Mental health supports are different for everyone, but are vital to every wellness journey.
These supports, from professional help such as therapy and counselling to social networks like friends and family, are pivotal for someone facing mental health issues.
“It’s something to be grateful for,” said Quinn Fisher, a 31-year-old writer from Whitecourt who credits his family with making all the difference in his mental health journey. “[People] who don’t have those supports have to fend for themselves, and they usually get lost and fall through the cracks.”
For Fisher, his journey with mental health began at birth when he was put up for adoption by his mother, who recognized that, due to her own mental health issues, she wouldn’t be able to properly care for him.
I want people to know that they’re not the only ones suffering and that there is help out there.”
-Quinn Fisher, Whitecourt writer
Aware of his birth mother’s mental health history and what it might mean for his future mental health, Fisher said his parents provided him with all the help he might need through the love and support they gave him and access to professional help.
“It makes a world of difference if parents are involved in their child’s mental health development,” said Fisher, who has been diagnosed with depression, borderline personality disorder, obsessive compulsive disorder, attention deficit disorder, and Asperger syndrome, a form of autism. “I was put into therapy at a young age, so my parents were very involved in that.”
According to the Canadian Mental Health Association, an estimated 1.5 million Canadian children and youth (aged 0-24) are affected by mental illness, but do not have access to appropriate support, treatment, or care.
This lack of access impacts the rest of the child’s life and their ability to build the social, emotional, and developmental skills needed to work with others, to resolve conflict, and to cope with challenges.
“Despite the many challenges that I’ve faced, I’m still able to lead a productive life,” said Fisher, crediting his success to the help he received when he was young and the hard work he’s put in since.
From developmental therapies and learning social and emotional cues early on in life, to treating depression and suicidal thoughts as he got older, Fisher says he has spent a lifetime figuring out what works best for him.
“Acknowledging your passions and pursuing them plays a key role in positive mental health,” he shared, explaining how just last year he found a new way to work through his thoughts. “Music has been a huge part of my life, so doing that once a week helps me to express my emotions.”
“It’s the hands-on component that other therapies don’t have,” he said, explaining that music therapy helps him with all aspects of his mental illness, not just emotions. “Talk therapy is mentally exhausting, but I’m able to express myself through music, and it helps me focus my attention and regulate my mood.”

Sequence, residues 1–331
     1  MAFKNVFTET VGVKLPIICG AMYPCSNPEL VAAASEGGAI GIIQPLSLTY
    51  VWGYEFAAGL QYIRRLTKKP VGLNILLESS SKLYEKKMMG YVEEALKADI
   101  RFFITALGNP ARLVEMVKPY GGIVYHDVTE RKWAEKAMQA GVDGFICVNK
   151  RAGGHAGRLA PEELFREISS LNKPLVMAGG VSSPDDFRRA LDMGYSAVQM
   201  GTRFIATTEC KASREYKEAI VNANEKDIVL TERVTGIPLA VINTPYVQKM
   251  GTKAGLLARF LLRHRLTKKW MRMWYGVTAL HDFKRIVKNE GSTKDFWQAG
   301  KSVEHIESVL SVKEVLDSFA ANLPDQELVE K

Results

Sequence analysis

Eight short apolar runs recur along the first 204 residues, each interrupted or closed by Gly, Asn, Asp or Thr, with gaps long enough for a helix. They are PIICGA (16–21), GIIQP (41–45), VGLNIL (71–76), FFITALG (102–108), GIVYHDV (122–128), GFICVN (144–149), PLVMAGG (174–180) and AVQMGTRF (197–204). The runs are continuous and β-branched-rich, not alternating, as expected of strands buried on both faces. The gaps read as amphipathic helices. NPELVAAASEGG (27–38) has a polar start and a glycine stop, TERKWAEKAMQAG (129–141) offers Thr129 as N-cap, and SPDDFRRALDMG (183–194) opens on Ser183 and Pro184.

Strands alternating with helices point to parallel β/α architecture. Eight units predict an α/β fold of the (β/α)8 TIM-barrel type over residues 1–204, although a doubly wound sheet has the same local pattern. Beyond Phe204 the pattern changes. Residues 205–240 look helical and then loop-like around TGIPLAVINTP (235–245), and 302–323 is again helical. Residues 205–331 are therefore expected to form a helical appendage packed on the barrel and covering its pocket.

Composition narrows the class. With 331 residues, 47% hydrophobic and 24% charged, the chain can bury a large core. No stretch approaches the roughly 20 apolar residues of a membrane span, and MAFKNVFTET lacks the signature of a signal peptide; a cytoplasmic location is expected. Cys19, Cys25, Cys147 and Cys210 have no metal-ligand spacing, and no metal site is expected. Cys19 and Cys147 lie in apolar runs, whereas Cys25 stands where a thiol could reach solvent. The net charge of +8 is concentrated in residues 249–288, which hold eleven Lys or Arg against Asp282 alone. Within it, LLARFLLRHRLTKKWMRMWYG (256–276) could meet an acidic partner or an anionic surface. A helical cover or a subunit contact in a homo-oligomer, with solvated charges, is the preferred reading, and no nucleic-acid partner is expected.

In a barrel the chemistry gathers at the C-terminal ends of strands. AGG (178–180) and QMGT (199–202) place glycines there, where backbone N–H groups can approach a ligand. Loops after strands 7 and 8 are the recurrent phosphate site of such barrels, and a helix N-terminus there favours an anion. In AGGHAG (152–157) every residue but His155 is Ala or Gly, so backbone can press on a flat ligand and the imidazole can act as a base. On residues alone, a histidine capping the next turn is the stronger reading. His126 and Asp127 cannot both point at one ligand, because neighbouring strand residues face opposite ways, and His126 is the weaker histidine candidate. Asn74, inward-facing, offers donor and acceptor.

Understanding all too well just how challenging mental health journeys can be, Fisher said it’s important that we all talk about mental health hurdles we face in hopes that it will change the way we perceive asking for help.
“It’s empowering to see other people’s stories of resilience and the struggles that they face,” he said.
“I think the more we open up about what we’re struggling with, the more people would seek the help that they need without fearing what others might perceive that as or [that they will] dismiss it as attention seeking,” Fisher said, expressing how even those with strong supports can feel the effects of mental health stigma.
“I definitely ran into that myself, so I know that fear some people have with opening up about their mental health and the issues that they struggle with.”
For Fisher, the importance of open and honest dialogue was made especially clear last year when the tragic impact of its stigma hit him close to home.
“My best friend’s mom ended her life…. It was an eye-opener for me because no one saw it coming,” he said, sharing how it spurred him on to do more.
“It made me realize that people are suffering silently, and I felt that if others were to share their stories that it might give someone hope and the will to live just another day.”
Fisher started his advocacy work by writing a column for the local newspaper, sharing his and other’s experiences with mental illness.
I like to say that mental illness becomes mental wellness when we come together.”
After that, he still wanted to contribute more and his therapist suggested he get involved with the Rural Mental Health Project, which provided him with the necessary training he’ll need to better help his community bridge some of the gaps in mental health services.
“We bring inside experience to the program,” said Fisher about why he thinks it’s important for others with mental health issues to get involved with programs like the Rural Mental Health Project. “We’ve been through the mental health system, and we’re able to advocate for those who don’t have a voice.”
And for Fisher, giving mental illness a voice is one of the best ways to help build a path to support for others.
“I want people to know that they’re not the only ones suffering and that there is help out there,” he added, expressing his eagerness to use his experience to help others in his community.
“I like to say that mental illness becomes mental wellness when we come together.”
— Lesley Allan
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